=>For more writing tips on a research prospectus, please refer to here, here, here and here.


Where to find references

Once you have found a topic, next step you need to find out what has been written on this topic before, or, sometimes you simply want to know what other smart people have said on this issue.

To find references in economics, a very good source is EconLit, a database specialized in economics lieterature. To get quick access to EconLit at CBS, follow this link. You will be asked for CBS authorization if you are not on an authorized computer.

You can search the database by typing in keywords, and search in abstract, title, author and so on. From the search results, you can read the abstract of the article, a quick way to screen out the articles that are not related to your topic. If you find an article that matches your interest, and you also find a link that says either "PDF full text", or "Linked full text", that means you can read or download the article immediately.

In the case where CBS does not have full access to the article (very rare these days though), you may consider using ILL service. ILL stands for Inter-Library Loan. Go to this page, submit your request, and wait for about two weeks, your article or book will be fetched for you from universities in Denmark or from foreign countries. If it's a journal article or certain chapters of a book, you may be provided a link to the scanned image; if it's a book, you need to go to library to fetch it.

     More tips:

> Quick way to pin down a list of papers to read
Most likely you will find too much information on your topic. The question then is how to narrow it down. The most efficient way is to start from an article that was recently published on a prestigious peer-reviewed journal. Usually in this paper's reference list and literature review section, you will find the most relevant papers.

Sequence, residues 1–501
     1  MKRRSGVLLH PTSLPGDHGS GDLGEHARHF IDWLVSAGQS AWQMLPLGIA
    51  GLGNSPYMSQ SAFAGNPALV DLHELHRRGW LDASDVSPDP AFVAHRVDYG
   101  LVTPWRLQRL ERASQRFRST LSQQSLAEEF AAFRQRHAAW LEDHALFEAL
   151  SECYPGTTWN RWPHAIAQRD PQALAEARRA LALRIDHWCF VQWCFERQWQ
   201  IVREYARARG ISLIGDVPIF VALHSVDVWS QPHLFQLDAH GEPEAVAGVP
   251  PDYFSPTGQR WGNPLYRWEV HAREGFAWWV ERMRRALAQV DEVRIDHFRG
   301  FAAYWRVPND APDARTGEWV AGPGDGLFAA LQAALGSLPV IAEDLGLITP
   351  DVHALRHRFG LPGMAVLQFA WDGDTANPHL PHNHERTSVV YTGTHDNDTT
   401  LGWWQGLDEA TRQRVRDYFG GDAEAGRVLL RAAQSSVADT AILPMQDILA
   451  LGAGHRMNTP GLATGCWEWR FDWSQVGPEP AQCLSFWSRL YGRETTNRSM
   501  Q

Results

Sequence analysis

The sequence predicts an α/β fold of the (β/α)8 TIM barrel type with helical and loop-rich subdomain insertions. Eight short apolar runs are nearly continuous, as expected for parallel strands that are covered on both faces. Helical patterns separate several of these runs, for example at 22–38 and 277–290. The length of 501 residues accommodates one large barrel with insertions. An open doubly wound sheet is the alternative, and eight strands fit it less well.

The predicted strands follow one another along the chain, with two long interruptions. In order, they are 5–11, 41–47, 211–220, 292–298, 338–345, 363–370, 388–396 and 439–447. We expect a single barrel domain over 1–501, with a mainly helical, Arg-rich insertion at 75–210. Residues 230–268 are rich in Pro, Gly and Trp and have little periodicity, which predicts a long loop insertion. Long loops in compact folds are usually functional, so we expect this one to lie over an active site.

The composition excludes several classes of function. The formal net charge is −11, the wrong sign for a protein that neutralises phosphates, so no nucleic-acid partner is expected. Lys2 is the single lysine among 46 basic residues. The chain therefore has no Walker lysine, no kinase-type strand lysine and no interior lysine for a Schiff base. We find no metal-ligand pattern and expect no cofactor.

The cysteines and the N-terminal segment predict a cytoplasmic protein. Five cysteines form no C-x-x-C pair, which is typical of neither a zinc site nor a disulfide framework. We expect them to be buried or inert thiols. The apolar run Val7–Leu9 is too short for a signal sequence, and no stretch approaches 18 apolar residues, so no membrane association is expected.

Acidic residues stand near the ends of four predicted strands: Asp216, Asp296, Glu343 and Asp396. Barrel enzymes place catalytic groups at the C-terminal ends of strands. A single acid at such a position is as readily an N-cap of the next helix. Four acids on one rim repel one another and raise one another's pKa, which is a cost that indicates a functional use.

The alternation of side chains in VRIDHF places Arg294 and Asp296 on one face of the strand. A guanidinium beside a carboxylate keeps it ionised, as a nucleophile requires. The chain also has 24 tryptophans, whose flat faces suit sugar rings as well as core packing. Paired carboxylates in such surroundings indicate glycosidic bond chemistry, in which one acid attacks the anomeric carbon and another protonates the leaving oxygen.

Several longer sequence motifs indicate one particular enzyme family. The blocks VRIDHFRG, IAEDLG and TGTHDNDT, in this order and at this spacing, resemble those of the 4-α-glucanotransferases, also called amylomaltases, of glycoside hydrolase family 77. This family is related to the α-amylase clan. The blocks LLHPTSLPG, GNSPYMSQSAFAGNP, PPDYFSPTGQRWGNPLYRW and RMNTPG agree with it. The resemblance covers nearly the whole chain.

> Start early
Since getting ready all the references takes time, it's your best interest to start the process early. After you have submitted your research proposal, you are advised to write out a sketch (not even a draft yet) first and then expand from it. It'll be much easier if you write progressively. The worst scenario is that you burn the night before the deadline and work out a paper in a rush. And nobody wants to read it.

> Don't think too much, just write
Some students set a very high standard for themselves. They read, read and read, but hesitate in starting the writing process. They are worried that they did not read enough --- This is a common problem for A-level students. Remember, always have a draft first, then improve on it. Your first version is never going to be perfect, anyway.


Where to find data

You can go to economics resources at my homepage, look under "data &  statistics". Google is another good choice. For speical data source and their availability, you may want to consult me first.


How to cite

I treat citation very seriously. For one thing, good citation style makes your paper look professional. For the other, you show your respect for others' work and you never want to commit plagiarism. Whenever you borrow work of somebody else, you are obliged to cite. So your paper should be written with established citation style. The link below gives you a guideline:

Chicago-style citation quick guide

Also, avoid excessive direct quotation, even if you cite. Be original in your own writing, cite other's work to support your argument, not to fill the space.


Avoid plagiarism

It’s very important not to plagiarize others' work. CBS, like every other academic institutions, treats plagiarism very seriously. In some cases, plagiarism will result in expulsion from the school.  Check out this CBS webpage for more details.